General Mills, a stock we own, said this in today’s earnings press release with regards to their fiscal 2023 outlook, “The company anticipates double-digit inflation on its cost of goods sold in fiscal 2023 and is addressing inflation headwinds with HMM (Holistic Margin Management) cost savings and net price realization generated through its SRM (Strategic Revenue Management) capability. The company is planning for volume elasticities to increase but remain below historical levels and supply chain disruptions to slowly moderate in fiscal 2023 compared to fiscal 2022 levels.” You are going to hear a lot from consumer product companies in the upcoming earnings season about their exposure and sensitivities to elasticities of their products. In other words, who has pricing power and who doesn’t.
Apartment List’s National Rent Report came out and its June index rose 1.3% m/o/m, the same pace seen in May. While growing at a slower pace than 2021, rents are still up 14.1% y/o/y as comps get more difficult and are higher by 5.4% ytd vs 8.8% in the same time frame last year. On the supply side, “our national vacancy index ticked up slightly again this month, continuing a streak of gradual easing dating back to last fall. Our vacancy index now stands at 5%, up from a low of 4.1%, but remains well below the pre-pandemic norm. And with spiking mortgage rates sidelining potential homebuyers, we could see additional tightness in the rental market in the months ahead. Rents increased this month in 97 of the nation’s 100 largest cities.” They said NYC has seen the quickest rent growth over the past year while the very hot sun belt states are beginning to plateau. Only SF is still below its pre-pandemic rent levels but “barely.”
The Apartment List bottom line and why services inflation will remain robust, offsetting the expected fall in goods prices, “Despite a recent cool-down, many American renters are likely to remain burdened throughout 2022 by historically high housing costs.” The BLS CPI figure still has rents rising at about 5% which is not reality.
With the average 30 yr mortgage rate pulling back by 14 bps w/o/w to a still relative high of 5.84%, mortgage apps rose slightly. Purchase apps were flat w/o/w but down by 24% y/o/y. Refi’s rose by 1.9% w/o/w but are down a whopping 80% y/o/y. We know what’s going on in housing so no need to opine again here.
As ECB members throw out their thoughts on whether to hike interest rates 25 or 50 bps in July (just as they finish up QE tomorrow) to either -.25% or zero, Spain today said its June CPI rose 10% y/o/y. That is above the estimate of up 8.8% and an acceleration from the 8.7% rise in May. The core rate was higher by 5.5% y/o/y. After seeing a bunch of regional CPI prints today, German is expected to announce an aggregate figure at 8am est an 8.8% y/o/y CPI gain in June. It’s truly amazing how the Germans ever left it happen that they ceded their Bundesbank in managing monetary policy to the banana republic type monetary regime under the ECB.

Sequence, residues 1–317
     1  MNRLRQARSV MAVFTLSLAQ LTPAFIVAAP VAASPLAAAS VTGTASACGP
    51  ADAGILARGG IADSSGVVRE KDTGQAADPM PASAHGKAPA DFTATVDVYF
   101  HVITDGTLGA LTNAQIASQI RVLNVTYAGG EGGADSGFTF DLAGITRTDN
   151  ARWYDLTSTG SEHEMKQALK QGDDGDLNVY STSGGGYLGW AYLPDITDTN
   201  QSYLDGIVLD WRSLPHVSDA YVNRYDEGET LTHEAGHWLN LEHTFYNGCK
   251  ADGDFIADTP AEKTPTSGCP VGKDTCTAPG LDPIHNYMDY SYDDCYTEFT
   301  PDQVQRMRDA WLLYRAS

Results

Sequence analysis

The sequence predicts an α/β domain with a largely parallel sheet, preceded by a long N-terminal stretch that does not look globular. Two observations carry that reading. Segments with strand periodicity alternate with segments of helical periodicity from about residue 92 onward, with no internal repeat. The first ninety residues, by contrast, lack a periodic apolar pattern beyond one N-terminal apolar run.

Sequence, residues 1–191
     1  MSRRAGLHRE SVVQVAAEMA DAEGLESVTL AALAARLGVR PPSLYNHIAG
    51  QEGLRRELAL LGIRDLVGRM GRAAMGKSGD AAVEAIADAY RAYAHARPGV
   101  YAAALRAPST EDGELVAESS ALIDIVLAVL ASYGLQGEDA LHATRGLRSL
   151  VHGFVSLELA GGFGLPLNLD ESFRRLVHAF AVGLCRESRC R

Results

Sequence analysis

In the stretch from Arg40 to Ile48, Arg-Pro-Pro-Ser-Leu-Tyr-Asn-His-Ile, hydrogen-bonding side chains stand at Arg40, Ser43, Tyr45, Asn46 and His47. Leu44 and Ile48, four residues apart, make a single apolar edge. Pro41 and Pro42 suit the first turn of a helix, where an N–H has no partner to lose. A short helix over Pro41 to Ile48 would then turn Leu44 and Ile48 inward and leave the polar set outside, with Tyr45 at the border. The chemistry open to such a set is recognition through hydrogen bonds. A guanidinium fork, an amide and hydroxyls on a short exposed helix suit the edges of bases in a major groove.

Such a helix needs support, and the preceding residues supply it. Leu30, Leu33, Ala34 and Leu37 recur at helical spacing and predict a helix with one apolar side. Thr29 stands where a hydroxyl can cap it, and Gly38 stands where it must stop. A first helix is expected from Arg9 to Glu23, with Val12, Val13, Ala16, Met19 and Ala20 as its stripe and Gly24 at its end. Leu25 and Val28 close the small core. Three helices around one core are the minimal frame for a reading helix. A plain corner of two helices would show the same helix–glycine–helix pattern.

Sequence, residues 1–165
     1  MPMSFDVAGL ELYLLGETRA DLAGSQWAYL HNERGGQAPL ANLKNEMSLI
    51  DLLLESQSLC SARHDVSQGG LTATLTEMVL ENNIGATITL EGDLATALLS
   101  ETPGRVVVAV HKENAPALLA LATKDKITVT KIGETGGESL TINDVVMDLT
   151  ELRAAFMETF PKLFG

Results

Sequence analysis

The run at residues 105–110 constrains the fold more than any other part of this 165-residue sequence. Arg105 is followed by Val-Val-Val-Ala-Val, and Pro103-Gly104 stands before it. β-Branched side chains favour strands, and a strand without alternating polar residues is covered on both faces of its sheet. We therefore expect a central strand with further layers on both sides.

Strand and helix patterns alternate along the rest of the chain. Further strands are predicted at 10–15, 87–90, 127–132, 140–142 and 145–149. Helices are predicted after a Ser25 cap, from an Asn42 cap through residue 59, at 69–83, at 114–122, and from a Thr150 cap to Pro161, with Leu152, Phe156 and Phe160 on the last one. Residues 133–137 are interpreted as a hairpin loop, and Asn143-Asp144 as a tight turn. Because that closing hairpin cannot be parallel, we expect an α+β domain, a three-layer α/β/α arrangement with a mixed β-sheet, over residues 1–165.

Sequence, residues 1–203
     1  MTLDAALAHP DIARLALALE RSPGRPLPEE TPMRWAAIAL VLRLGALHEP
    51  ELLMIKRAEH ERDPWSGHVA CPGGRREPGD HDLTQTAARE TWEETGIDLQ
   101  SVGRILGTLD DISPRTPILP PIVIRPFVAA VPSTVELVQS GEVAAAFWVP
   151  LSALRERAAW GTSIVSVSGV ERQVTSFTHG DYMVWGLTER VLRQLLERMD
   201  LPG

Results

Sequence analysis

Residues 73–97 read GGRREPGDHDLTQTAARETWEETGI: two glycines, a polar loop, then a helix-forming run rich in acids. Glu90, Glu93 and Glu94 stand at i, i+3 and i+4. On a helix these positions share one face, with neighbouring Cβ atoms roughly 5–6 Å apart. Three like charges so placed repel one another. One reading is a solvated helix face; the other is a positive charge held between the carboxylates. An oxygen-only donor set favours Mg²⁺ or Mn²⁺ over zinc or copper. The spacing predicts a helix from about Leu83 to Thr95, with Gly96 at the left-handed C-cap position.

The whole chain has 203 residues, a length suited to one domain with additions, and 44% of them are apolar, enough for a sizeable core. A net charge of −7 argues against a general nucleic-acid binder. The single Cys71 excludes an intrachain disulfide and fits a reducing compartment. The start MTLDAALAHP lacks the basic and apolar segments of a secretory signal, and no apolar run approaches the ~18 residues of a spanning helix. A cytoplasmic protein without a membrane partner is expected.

We also saw today the Eurozone Economic Confidence Index for June which fell 1 pt m/o/m to 104 but that was 1 pt above the estimate. The consumer confidence component in particular is just above its April 2020 low. Manufacturing confidence did lift by .9 pts but after falling by 1.3 last month. Services confidence did rise too benefiting from the end of covid restrictions with leisure and hospitality but retail and construction confidence softened.
The end result of the above is Spanish and German 10 yr inflation breakevens are falling by 4 bps and European bonds generally are rallying and that is because it is possible that the 8am German print might come in less than expected based off the regional figures seen. The main reason is that the German government has handed out a fuel tax rebate, have discounted public transportation tickets to entice people to use less energy and the end of a renewable energy surcharge. The euro is little changed and European stocks are following our weakness from yesterday on growth concerns.
With respect to US Treasuries, we’ve seen 3 really crappy auctions this week with the 2s, 5s and 7s and while that was not really market moving, it highlights how important now the monthly TIC data is so we can gauge the level of interest from foreigners in buying US Treasuries. This as the Fed is essentially selling now and banks are already loaded up.
As Vietnam is an ever growing manufacturing stand out, they reported exports that grew by 20% in June y/o/y, above the estimate of up 18%. Imports were up by 16.3% y/o/y, also higher than forecasted. The Vietnam economy is expected to grow by 7% this year according to their statistics office. While inflation of course is a challenge, along with logistics and the slowdown in China, they are certainly benefiting from the supply diversification away from China.